As reported in our July 1999 research paper on "The Political Personality of Texas Governor George W. Bush" (see abstract) Bush’s major personality strengths with reference to his presidential campaign "are the important political skills of charisma and interpersonality, which will enable him to connect with people and retain a following and his self-confidence in the face of adversity." As noted in the report, these leaders are noted for the high degree of skill with which they are able to engage their outgoing talents of energizing and motivating others. Considering that Bush and McCain were in a statistical dead heat on the eve of South Carolina’s Republican primary, these traits are borne out in Bush’s comfortable election victory in South Carolina following his setback in New Hampshire.

rball.gif (335 bytes) February 18, 2000

    When pressed by MSNBC’s Brian Williams, George W. Bush did not seem well informed about the details of John McCain’s captivity in North Vietnamese. While this may be a political ploy, the apparent superficiality of Bush’s knowledge would be consistent with his outgoing personality pattern. Leaders with this personality type, more than other types, tend to use the coping mechanism of avoidance, a mild form of dissociation in which they avoid reflecting on unpleasant thoughts and emotions – the unpalatable reality in this case being McCain’s unpleasant life story. In addition, these personality types tend not to be highly deliberative individuals who are deep thinkers or serious readers. (Reading is more commonly employed for the purpose of amusement or diversion.) Though it seems inconceivable, perhaps Bush really had not read McCain’s biography or briefings prepared by his aides.

rball.gif (335 bytes) February 16, 2000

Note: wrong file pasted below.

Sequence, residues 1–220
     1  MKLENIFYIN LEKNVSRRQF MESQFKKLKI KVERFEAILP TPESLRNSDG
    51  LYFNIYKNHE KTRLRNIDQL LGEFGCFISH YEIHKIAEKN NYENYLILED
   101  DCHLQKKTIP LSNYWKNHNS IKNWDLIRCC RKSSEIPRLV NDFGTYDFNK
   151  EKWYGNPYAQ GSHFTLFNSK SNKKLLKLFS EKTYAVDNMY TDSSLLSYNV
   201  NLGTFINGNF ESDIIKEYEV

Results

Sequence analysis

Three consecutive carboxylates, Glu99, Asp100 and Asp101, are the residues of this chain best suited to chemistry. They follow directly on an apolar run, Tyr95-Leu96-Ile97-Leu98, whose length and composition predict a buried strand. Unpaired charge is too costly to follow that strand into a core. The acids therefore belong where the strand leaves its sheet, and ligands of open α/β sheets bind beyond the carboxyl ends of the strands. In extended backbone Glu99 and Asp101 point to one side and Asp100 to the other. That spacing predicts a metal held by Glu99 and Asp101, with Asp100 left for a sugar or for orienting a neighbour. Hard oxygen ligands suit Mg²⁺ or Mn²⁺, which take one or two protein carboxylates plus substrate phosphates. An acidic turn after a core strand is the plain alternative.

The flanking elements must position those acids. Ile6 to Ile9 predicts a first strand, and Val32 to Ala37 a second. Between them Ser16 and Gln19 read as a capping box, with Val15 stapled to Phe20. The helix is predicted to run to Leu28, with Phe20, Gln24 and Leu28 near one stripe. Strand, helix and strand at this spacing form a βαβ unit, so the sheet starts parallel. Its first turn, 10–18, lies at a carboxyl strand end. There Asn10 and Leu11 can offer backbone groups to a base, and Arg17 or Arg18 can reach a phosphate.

George W. Bush is predominantly an outgoing personality. These personalities tend to be sociable and charming, even conflict-averse if not quite conciliatory – characteristics partially motivated by a need for validation. As noted by personality theorist Theodore Millon, outgoing personalities "have confidence in their social abilities, feel they can readily influence and charm others, and possess a personal style that makes people like them." Although they have "intense and shifting moods" these personality types are not confrontational or combative, and tend not to hold grudges. In short, they are not brawlers.

    George W. Bush, while some describe him as "cocky," is not a naturally pugnacious fighter like a Pat Buchanan, a Rudy Giuliani, or even a John McCain. For Gov. Bush to run a successful campaign he would be well advised to draw on his personality strengths—presenting a charming public image and setting an idealistic, even compassionate tone. An appropriate metaphor for excessive aggression and combativeness on the part of Bush is an ill-fitting suit. The reality of politics today is that candidates are often constrained to respond to an opponent’s negative attacks. Gov. Bush would do well to avoid situations where he is compelled to counterattack. To some degree, this suggests the need to refrain from conduct that will make him the target of such attacks.

rball.gif (335 bytes) February 6, 2000

    On CNN’s "Late Edition" today, CNN senior political analyst Bill Schneider told Wolf Blitzer that among the reasons that the straight-talking Sen. John McCain was doing well in the polls, was that McCain was the "anti-Clinton." Former RNC chairman Haley Barbour later objected to this characterization, and correctly so, in our opinion. During the "Late Edition" roundtable discussion, U.S. News & World Report’s Steve Roberts continued the "anti-Clinton" line by asserting, "He [McCain] may be the ‘un-Clinton’ in terms of his persona."

    On the contrary, our empirical analysis indicates that, at least in terms of character and personality, Vice President Al Gore is the real "anti-Clinton" – if, indeed, such a thing exists. As far as Sen. McCain is concerned, his personality is, in fact, somewhat similar to that of President Clinton; they are both outgoing, extraverted personalities. Of all the major presidential candidates, only Gov. George W. Bush’s personality is closer than Sen. McCain’s to that of President Clinton.

Political Leaders and Candidates Studied at the Unit for the Study of Personality in Politics

Bill Bradley Hillary Rodham Clinton Al Gore
Pat Buchanan Elizabeth Dole  John McCain
George W. Bush Steve Forbes Jesse Ventura
Bill Clinton Rudy Giuliani